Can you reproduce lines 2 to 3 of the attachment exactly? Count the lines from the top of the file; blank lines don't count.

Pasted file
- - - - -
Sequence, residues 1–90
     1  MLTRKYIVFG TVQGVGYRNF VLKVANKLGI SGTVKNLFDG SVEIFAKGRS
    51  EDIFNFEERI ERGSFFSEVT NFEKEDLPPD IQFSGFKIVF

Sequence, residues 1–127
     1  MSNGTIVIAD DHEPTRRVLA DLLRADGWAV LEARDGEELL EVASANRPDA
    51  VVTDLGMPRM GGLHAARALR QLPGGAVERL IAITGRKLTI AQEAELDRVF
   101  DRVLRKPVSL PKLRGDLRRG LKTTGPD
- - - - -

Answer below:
     1  MLTRKYIVFG TVQGVGYRNF VLKVANKLGI SGTVKNLFDG SVEIFAKGRS
    51  EDIFNFEERI ERGSFFSEVT NFEKEDLPPD IQFSGFKIVF